Raiders of the lost arch

In 1947, nearing the end of a journey from Tashkent to Kashgar, Eric Shipton looked to his right and saw something odd. There seemed to be a hole in the mountainside. It wasn't anything new, of course; it was just that few outsiders had passed this way and, to his knowledge, none of them had noticed it before. Shipton was former consul general in Kashgar and had spent a good proportion of his life in the area. Even so, he hadn't heard of the hole before.

The locals had seen it often enough, of course, but how were they to know that such things are extremely rare and are supposed to be marvelled at? They referred to it in the local Uyghur language as "Tushuk Tash", which translates prosaically as "hole in the mountain”. They had no way of knowing that on their doorstep stood possibly the world's biggest natural arch.

Shipton knew it was a freak of geology and set about seeing it from up close. He travelled the 30 odd miles back to where he'd seen it, and approached the site. He tried from several different angles but couldn't get to within a mile or two of the thing. If it wasn't an impassable canyon or a vertical cliff barring his way, it was a steep scree slope. Worse still, the hole disappeared the closer he got to it. The local shepherds couldn't show him the way either, because there isn't one: at least not from the south. Eventually Shipton was forced to give up.

Between 1947 and 2000, nothing more was heard about the arch. The Guinness Book of Records had included an entry on it, based on Shipton's estimated measurements, but soon dropped it in the absence of any corroborating reports.

Perhaps the arch would still be unknown to the outside world, but for National Geographic Magazine. In 2000, a team set out to see if they could find it. They quickly found a southern viewpoint, but gaining access to the arch itself was much harder. They tried from the south, as Shipton had done, and with good reason. From there, it looks to sit at the front of a small range of sharp mountains: there was nothing to suggest that going round the back would be any easier. Even with 4WD vehicles and modern rock-climbing equipment, they were barred by the same obstacles as Shipton had been, but they kept on trying and ultimately found a way.

I didn't have the resources of National Geographic, but I was going to give it a go anyway. I roped in Dan, a fellow backpacker, and we talked to various agencies around town. The Caravan Cafe knew a guide who had been several times to the north side, but he was fully booked for the duration of our time in Kashgar. John's Information Cafe said that it needed a two day trip and quoted an astronomical price accordingly. Uighur Travel said they knew a driver who had been to the north side and a guide, both of whom were available the following day for half the price quoted by the Caravan Cafe people. Always the cheapskate, I was interested.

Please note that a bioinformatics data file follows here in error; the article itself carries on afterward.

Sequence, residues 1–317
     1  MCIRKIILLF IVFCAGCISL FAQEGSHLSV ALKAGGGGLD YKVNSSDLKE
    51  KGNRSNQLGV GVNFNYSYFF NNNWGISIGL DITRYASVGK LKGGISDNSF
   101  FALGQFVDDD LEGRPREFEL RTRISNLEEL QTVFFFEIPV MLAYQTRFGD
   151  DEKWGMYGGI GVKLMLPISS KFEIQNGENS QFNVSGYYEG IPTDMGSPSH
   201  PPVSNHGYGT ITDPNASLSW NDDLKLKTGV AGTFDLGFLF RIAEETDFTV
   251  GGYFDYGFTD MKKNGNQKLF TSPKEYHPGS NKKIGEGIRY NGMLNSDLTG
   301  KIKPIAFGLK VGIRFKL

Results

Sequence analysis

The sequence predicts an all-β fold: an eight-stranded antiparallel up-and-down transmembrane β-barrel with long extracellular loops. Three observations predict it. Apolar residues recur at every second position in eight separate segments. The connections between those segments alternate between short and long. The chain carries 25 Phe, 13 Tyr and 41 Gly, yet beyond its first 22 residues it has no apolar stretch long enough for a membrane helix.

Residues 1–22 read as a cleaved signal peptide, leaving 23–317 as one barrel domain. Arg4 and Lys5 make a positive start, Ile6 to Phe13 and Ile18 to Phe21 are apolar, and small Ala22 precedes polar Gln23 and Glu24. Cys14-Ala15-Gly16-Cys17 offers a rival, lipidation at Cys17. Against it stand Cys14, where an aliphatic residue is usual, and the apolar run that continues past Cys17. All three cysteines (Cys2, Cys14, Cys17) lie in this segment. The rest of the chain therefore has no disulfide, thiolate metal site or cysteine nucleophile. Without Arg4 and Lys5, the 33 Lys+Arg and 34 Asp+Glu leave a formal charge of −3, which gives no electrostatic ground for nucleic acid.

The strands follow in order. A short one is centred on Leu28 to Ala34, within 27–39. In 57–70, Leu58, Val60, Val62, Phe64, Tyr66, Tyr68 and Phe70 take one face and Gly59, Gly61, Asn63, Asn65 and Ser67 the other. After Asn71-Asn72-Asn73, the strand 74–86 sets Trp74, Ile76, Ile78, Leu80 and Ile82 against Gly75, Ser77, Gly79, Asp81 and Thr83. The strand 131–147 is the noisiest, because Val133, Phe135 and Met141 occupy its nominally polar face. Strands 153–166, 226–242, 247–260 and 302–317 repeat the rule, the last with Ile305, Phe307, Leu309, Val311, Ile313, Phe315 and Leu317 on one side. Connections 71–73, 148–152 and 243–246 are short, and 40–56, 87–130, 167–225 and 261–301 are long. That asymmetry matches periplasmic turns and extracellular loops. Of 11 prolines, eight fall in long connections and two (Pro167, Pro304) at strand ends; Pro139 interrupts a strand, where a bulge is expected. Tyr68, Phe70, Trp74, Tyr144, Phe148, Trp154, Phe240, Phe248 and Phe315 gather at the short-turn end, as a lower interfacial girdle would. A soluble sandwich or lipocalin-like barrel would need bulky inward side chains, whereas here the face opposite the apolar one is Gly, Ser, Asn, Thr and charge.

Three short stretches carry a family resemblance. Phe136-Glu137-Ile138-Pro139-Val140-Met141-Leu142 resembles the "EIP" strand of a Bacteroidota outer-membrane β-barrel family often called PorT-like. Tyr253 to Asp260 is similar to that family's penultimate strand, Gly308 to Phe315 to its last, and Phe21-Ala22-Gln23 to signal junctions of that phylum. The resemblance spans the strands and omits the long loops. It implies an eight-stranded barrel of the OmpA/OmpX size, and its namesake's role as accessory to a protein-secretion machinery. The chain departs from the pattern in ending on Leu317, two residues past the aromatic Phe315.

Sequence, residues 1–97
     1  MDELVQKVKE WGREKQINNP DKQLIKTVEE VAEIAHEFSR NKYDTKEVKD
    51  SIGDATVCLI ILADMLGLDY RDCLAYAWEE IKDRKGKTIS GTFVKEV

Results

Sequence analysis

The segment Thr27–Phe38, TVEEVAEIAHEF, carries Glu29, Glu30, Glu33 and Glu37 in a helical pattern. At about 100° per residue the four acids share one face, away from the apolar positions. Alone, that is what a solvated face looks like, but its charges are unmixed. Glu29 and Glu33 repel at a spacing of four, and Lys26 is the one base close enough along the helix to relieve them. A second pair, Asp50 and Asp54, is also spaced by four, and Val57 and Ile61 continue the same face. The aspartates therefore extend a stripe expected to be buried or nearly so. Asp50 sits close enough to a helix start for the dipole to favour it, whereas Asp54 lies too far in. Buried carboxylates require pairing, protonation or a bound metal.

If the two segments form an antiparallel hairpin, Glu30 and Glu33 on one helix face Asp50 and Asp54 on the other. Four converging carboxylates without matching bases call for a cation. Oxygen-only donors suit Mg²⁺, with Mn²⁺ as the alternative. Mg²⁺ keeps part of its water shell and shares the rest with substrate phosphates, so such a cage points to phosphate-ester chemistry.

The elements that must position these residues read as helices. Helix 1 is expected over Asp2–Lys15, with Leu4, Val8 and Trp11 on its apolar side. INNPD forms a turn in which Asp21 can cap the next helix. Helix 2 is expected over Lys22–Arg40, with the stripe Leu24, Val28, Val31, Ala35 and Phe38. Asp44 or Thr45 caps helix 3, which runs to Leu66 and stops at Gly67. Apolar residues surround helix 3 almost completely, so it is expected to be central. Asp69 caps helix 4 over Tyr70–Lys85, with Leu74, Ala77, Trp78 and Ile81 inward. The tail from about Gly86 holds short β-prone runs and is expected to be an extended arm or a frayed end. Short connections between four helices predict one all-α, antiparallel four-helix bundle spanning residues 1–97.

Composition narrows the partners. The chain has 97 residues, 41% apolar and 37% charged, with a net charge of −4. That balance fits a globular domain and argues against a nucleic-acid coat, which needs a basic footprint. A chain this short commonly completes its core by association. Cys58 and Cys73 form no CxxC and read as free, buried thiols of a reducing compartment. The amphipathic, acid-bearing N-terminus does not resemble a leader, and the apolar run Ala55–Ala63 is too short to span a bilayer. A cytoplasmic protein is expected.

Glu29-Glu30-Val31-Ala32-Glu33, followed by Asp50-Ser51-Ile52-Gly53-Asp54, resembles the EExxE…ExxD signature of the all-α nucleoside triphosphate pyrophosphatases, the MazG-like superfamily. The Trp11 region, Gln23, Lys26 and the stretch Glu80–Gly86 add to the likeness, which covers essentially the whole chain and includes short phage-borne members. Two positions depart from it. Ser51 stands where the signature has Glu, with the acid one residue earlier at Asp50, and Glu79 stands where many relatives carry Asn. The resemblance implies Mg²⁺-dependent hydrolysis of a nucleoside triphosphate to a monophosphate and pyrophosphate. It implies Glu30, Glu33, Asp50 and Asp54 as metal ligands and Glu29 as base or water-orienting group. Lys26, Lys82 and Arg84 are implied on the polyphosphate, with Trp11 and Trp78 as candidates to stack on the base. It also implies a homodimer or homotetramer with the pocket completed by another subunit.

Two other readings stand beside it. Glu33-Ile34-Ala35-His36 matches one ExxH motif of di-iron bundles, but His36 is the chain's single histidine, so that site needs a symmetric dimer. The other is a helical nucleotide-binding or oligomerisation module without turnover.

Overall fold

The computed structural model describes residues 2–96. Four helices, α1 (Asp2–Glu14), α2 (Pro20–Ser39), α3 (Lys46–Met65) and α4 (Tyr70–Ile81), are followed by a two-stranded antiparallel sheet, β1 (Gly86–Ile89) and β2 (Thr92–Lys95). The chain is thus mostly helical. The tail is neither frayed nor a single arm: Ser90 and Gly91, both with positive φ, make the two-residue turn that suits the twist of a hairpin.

”Did the guide know the way?” The driver did.

”Did we need a 4WD car?” No, a Volkswagen Santana taxi would be fine.

”Did we need any special equipment?” No, just walking boots.

This sounded ideal, so we handed over the money.  Only then did the agent decide to be a bit more cautious.

"Maybe you take .... what you call it? You use to tie horses...."


"Yes.  Ropes."

"You said we didn't need any special equipment. Anyway, we don't know how to use ropes. We're not rock-climbers."

"The guide will show you."

"This isn't really the time or place to learn rock-climbing."

"OK. It's not difficult and maybe you don't need."

By now we weren't inspired with any confidence but maybe once the guide turned up we would be dealing with someone who knew what he was talking about. Anyway, this was the only way we stood any chance of seeing the arch.

The guide, Abdul, turned up early the next morning in office shoes and newly-pressed slacks. He had no jacket, no water and no clue. I couldn't imagine him showing us the finer points of rock-climbing. The driver set off purposefully, though, and confidently turned off the paved road onto a dry river bed. This was good: we knew that the journey should involve this sort of off-roading. We made pretty good progress along the river bed, although we did have to get out of the car at certain points so that the undercarriage wouldn't scrape on the rocks. I wouldn't have done this trip in any two wheel drive car that I was responsible for, but the driver seemed happy enough.

We drove through pretty, rustic villages: one called Mush (meaning fist) and the other called Tukuch (meaning bread, although I suspected that it could have had some other meaning judging by how funny Abdul found this). After a good deal of hard driving, we found Shipton's view. The locals couldn't have described it any better. There, in the mountain, was an almost circular hole. But we were on the south side and we knew the approach to the hole or arch was from the north. This was when it became apparent that I had a better idea of the way to get there than did our driver or guide, and all I had to go by was a glimpse of the National Geographic article map on the wall of the Caravan Cafe tour office.